What Is a Magnet Link and How Do You Use It?

Peer-to-peer networks are essential for distributing large files over the Internet: they lighten the load on servers and create a widespread distribution network. In recent years, magnetic links have begun to replace .torrent links. But what are magnetic links and why should you use them?

Why do torrents exist and how do they work?

Let’s say you want to distribute a single large file. There are many legitimate reasons for doing this, including distributing Linux distributions (it’s in the name) to users who will install Linux on their home computers.

Traditionally, the organization that creates the disk image will store the data on its servers, and users download the file using a web browser. For large amounts of data, this creates problems for the downloader, which has to keep the browser window open, and for the host server, which may burn unreasonable bandwidth to keep up with demand. Therefore, direct downloads are often slow and error prone.

With traditional peer-to-peer torrenting, the large file is split into thousands of individual pieces. Users download a file with a .torrent extension. The torrent file is passed to a client such as Transmission or qBittorrent, which downloads each block of the file from other users while simultaneously uploading the pieces to your machine on other clients. Trackers, as the name suggests, keep track of where the pieces are so your customer can download the file.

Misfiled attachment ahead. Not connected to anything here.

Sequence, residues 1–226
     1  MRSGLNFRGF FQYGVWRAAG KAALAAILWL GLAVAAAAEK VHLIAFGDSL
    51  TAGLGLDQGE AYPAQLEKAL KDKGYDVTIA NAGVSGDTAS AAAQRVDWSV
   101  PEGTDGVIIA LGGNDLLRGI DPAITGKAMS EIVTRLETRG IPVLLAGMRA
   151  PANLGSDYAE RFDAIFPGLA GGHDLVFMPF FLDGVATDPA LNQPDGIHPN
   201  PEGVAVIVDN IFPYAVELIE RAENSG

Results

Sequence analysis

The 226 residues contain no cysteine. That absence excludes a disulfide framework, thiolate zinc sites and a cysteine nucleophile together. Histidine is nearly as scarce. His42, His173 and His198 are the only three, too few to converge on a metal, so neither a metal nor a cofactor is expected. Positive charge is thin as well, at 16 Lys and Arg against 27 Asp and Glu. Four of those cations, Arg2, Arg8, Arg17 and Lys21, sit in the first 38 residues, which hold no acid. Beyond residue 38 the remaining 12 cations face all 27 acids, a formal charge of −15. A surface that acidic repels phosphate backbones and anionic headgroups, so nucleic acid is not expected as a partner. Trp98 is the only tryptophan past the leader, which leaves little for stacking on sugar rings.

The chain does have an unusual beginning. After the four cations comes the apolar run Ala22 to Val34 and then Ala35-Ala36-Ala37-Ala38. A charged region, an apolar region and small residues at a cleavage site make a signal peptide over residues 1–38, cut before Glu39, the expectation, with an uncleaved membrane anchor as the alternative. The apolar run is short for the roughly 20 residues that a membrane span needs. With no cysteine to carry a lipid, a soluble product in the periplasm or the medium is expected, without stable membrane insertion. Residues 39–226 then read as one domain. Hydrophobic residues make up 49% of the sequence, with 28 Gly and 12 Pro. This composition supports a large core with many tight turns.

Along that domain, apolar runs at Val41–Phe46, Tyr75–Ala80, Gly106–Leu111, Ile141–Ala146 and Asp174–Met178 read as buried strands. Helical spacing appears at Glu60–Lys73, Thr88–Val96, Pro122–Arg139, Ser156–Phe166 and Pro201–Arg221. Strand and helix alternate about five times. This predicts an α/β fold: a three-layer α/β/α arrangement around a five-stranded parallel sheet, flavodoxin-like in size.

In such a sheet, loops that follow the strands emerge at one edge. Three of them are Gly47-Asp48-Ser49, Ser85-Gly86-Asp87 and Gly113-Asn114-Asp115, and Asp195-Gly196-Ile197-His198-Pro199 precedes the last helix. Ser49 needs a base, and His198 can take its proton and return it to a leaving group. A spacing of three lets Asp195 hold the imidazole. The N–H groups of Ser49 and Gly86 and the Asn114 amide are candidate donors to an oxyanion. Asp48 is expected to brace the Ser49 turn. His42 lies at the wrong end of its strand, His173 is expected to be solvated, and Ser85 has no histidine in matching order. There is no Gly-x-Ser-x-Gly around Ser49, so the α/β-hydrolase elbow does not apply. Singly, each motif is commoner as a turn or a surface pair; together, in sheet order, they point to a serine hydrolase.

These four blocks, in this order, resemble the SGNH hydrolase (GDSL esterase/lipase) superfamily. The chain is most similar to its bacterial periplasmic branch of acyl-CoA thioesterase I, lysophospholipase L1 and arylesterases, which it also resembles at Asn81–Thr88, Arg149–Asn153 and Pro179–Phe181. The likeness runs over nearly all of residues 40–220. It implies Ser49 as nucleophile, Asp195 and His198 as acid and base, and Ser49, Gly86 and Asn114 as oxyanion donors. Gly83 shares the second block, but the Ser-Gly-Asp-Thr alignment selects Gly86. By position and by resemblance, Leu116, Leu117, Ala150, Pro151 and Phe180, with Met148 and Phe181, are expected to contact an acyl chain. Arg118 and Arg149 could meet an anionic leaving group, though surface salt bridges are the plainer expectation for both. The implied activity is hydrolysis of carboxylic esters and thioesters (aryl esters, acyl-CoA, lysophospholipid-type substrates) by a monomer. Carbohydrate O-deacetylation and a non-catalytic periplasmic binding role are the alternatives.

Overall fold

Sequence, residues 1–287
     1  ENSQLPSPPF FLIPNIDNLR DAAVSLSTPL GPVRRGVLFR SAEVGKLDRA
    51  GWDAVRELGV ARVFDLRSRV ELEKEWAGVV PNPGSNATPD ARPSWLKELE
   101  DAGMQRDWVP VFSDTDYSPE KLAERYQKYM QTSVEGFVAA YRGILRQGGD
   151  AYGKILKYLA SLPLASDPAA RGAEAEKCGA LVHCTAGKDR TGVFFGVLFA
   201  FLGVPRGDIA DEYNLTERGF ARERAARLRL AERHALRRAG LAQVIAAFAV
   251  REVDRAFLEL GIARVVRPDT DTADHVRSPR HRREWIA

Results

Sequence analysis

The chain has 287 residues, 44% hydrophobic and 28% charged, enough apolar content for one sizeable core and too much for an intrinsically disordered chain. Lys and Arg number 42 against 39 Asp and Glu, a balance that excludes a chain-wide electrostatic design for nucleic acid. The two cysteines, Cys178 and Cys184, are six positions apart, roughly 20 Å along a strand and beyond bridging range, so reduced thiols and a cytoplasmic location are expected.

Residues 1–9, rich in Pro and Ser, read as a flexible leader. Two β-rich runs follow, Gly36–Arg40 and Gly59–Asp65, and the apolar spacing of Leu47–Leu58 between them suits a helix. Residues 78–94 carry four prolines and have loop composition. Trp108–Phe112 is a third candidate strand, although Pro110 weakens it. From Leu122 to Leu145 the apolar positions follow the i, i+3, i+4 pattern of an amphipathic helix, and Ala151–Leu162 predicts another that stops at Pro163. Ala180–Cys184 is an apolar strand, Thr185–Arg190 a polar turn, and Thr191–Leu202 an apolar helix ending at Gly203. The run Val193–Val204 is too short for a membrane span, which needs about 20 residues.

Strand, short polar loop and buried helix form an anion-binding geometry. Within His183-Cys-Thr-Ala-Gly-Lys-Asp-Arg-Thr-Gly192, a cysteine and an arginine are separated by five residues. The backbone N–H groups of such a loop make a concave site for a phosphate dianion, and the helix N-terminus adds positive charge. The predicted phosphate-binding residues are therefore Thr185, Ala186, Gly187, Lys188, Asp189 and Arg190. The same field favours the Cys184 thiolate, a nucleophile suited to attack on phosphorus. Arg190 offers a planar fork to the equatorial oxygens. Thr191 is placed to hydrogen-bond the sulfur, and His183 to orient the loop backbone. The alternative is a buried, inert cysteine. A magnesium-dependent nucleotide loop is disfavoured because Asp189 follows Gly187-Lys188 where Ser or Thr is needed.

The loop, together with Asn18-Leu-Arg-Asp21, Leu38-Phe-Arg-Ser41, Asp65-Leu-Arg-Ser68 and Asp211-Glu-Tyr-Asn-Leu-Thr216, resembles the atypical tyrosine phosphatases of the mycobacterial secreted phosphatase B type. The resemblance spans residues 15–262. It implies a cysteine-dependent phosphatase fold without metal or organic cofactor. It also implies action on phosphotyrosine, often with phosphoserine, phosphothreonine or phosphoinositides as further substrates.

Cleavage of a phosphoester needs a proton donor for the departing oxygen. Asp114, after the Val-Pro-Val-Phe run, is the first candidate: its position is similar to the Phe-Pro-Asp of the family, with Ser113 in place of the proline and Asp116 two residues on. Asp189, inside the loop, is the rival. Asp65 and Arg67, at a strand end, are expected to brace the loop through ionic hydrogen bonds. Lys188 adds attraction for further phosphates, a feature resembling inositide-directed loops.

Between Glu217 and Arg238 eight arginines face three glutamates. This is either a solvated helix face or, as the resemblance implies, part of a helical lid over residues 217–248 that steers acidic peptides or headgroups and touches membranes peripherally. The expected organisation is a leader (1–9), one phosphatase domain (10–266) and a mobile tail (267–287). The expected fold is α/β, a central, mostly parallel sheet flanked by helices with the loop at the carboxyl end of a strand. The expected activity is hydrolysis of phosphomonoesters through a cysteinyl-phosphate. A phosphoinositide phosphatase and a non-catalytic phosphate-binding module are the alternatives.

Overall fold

With a popular file being distributed to and by a huge number of users, the download speeds are fast.

Torrents have some drawbacks. First, the trackers are not always up to date, which means that the record showing the position of the individual pieces is not up to date.

Magnetic links are not files and are not tracker based. The link includes all the information you need to locate the parts of the file you want to download. For this reason, magnetic links are extremely long.

A magnetic link always begins with the prefix magnet:followed by a cryptographic hash of the exact file name, a display name, several possible tracker locations, and download sources for the file the Magnet link points to.

Aside from the problem of expired trackers, Magnet links are considered superior to torrents because they don’t require users to download a potentially suspicious torrent file to their computers. They also don’t rely on a tracker as their central authority. Magnetic links are considerably easier to share and can even be pasted into a standard SMS message.

Downloading files using a magnetic link couldn’t be easier! Make sure you have a torrent client like Transmission, qbittorrent or uTorrent installed on your PC and just click the link. Due to the “magnet:” prefix, the client download will begin immediately.

Due to their advantages, Magnet links are becoming more popular than torrent files for distributing large files. Regardless of whether you share files using torrents or Magnets, you should only use peer-to-peer networks for legal purposes, such as sharing Linux distributions or other open source software.

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